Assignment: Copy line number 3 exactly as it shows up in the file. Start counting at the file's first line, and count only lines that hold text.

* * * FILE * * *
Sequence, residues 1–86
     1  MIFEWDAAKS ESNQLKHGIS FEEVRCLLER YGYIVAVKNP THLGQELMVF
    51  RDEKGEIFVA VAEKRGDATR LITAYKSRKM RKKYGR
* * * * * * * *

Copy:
    51  RDEKGEIFVA VAEKRGDATR LITAYKSRKM RKKYGR